TerraEchos

Streaming data technology supports covert intelligence and surveillance sensor systems

Published on 27-Dec-2011

Validated on 12 Nov 2013

"We are not only capturing and reducing a tremendous amount of digital acoustic data, which is exactly what InfoSphere Streams does very well, but we are also running intensive computational statistical analysis—and we are doing all of this in one-fourteenth of a second." - Dr. Alex Philp, Founder and CTO, TerraEchos, Inc.

Customer:
TerraEchos

Industry:
Professional Services

Deployment country:
United States

Solution:
Big Data, Information Infrastructure, Information Integration, Security: Governance, Risk and Compliance

Overview

A U.S. Department of Energy National Lab turned to IBM Business Partner, TerraEchos, to implement an advanced, covert security and surveillance system, based on the TerraEchos Adelos S4 System and IBM technology. Because the solution captures and transmits real-time, streaming acoustical data from around the lab premises, security staff has unprecedented insight into any event and can “hear” what is going on—even when the disturbance is miles away. 

Business need:
A U.S. Department of Energy National Lab needed a solution to detect, classify, locate and track potential threats to secure its perimeters and border areas.

Solution:
IBM Business Partner, TerraEchos, implements an advanced security and covert surveillance system based on the TerraEchos Adelos S4 System with IBM InfoSphere Streams and an IBM System x3650 server.

Benefits:
Reduces time to process 275 Mbit of data from hours to just one-fourteenth of a second; captures and analyzes huge volumes of data in real time, providing unprecedented insight to detect, classify, locate, track and deter potential threats.

Case Study

A leading provider of covert intelligence and surveillance sensor systems, TerraEchos, Inc., provides organizations with advanced security solutions for critical infrastructures and extended borders. One TerraEchos client is a science-based, applied engineering national laboratory dedicated to supporting the mission of the U.S. Department of Energy (DOE) in nuclear and energy research, science and national defense.

Securing the scientific intelligence, technology and resources related to these initiatives is vital. To this end, this national lab recognized the need for a technology solution that would detect, classify, locate and track potential threats—above and below ground—to secure its perimeters and border areas. This solution would provide lab personnel and security staff with more situational awareness and enable a faster and more intelligent response to any threat.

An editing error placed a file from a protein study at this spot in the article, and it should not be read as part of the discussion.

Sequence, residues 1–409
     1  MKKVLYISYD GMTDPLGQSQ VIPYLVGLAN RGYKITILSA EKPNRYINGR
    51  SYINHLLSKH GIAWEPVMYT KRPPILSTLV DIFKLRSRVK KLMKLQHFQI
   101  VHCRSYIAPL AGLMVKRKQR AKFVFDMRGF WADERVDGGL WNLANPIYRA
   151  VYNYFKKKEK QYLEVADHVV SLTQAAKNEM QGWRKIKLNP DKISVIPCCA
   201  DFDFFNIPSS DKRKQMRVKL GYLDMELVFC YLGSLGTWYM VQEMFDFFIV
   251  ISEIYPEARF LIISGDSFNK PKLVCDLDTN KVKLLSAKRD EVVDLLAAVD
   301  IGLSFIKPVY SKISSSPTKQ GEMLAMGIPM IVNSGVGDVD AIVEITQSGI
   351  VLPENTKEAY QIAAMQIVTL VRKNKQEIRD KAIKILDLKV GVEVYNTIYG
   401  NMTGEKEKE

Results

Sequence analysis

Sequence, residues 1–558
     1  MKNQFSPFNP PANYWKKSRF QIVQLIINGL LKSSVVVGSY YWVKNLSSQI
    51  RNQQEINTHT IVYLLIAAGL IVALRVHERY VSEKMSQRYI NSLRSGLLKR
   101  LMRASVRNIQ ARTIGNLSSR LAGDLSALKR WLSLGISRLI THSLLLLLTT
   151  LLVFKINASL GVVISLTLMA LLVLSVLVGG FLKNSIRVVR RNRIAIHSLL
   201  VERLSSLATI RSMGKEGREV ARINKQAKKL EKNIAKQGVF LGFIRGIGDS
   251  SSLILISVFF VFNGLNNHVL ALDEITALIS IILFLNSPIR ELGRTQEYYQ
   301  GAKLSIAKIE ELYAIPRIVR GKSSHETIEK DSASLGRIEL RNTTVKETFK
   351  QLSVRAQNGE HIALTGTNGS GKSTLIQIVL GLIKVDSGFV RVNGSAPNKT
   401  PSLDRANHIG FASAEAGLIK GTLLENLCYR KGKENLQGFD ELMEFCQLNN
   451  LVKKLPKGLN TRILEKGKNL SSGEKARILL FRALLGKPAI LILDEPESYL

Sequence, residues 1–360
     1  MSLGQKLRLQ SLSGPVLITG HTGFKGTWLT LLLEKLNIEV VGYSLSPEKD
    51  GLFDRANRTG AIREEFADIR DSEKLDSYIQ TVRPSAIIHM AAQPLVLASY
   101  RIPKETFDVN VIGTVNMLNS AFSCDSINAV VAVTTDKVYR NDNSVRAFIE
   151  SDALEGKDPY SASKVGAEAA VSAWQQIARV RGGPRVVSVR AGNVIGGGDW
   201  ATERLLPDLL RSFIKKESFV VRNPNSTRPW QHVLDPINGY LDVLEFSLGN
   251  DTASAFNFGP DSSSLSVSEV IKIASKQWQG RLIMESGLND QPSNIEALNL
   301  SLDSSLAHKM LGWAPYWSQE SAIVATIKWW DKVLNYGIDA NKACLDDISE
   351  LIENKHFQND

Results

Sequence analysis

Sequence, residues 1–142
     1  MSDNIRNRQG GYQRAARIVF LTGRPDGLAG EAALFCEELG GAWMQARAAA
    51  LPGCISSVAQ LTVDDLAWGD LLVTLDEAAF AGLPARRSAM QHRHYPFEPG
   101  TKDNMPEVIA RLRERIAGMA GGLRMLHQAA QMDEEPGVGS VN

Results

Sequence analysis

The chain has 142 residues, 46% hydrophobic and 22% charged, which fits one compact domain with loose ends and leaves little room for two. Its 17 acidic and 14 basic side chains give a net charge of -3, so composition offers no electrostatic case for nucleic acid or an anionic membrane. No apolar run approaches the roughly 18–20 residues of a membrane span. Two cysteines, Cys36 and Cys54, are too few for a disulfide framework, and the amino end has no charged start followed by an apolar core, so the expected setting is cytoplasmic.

Detecting and analyzing a wide range of sounds—even from miles away
The requirements of the ideal solution were considerable. The solution would have to continuously consume and analyze massive amounts of digital acoustic data from biological, mechanical and environmental objects-in-motion. In addition, because lab personnel lacked time to record the data and listen to it later, the solution had to gather and analyze information simultaneously.

The analysis could extract meaningful intelligence, as well as verify and validate the data, such as distinguishing between the sounds of a trespasser versus a grazing animal. To put the sophistication of the needed technology into perspective, the data consumption and analytical requirements would be akin to listening to 1,000 MP3 songs simultaneously and successfully discerning the word “zero” from every song—within a fraction of a second.

The solution would also serve as the lab’s central nervous system and would have to meet strict technical requirements, including:

  • Interoperability, enabling lab personnel to collect and analyze an array of data from video, acoustic, and other types of sensors to create a holistic view of a situation
  • Scalability to support new requirements as the lab’s fiber-optic arrays, surveillance areas, and security perimeters change
  • Extensibility, serving as a framework to fit into the lab’s existing IT architecture and integrating with signal processors and mobile and mapping applications

Advanced fiber-optics combine with real-time streaming data
To meet these requirements, the lab turned to IBM Business Partner, TerraEchos, to implement an advanced, covert security and surveillance system, based on the TerraEchos Adelos® S4 System, an IBM System x3650 server and IBM® InfoSphere® Streams software, part of the IBM big data platform. The TerraEchos Adelos S4 solution offers advanced fiber-optic acoustic sensor technology licensed from the United States Navy. InfoSphere Streams is the engine that processes digital acoustic data-in-motion continuously from fiber-optic sensor arrays.

Serving as the underlying analytics platform, the processing capacity of InfoSphere Streams enables the Adelos S4 solution to analyze and classify, streaming acoustic data in real time. InfoSphere Streams collects data from multiple sensor types and enables associated streams of structured and unstructured data to be integrated into an intelligence system for threat detection, classification, correlation, prediction and communication by means of a service oriented architecture (SOA). Based on this technology, TerraEchos provides one of the most robust surveillance classification systems in the industry, and is the first fiber-optic sensor company to incorporate InfoSphere Streams as the computational platform for sensor data analytics.